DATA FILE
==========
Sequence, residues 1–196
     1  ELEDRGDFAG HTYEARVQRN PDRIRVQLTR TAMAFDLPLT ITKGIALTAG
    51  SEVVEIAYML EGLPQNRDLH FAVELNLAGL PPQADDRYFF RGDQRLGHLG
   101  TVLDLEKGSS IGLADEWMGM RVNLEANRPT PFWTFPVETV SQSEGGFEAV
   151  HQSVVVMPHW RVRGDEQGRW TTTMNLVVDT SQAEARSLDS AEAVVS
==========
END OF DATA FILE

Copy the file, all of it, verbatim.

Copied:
Sequence, residues 1–196
     1  ELEDRGDFAG HTYEARVQRN PDRIRVQLTR TAMAFDLPLT ITKGIALTAG
    51  SEVVEIAYML EGLPQNRDLH FAVELNLAGL PPQADDRYFF RGDQRLGHLG
   101  TVLDLEKGSS IGLADEWMGM RVNLEANRPT PFWTFPVETV SQSEGGFEAV
   151  HQSVVVMPHW RVRGDEQGRW TTTMNLVVDT SQAEARSLDS AEAVVS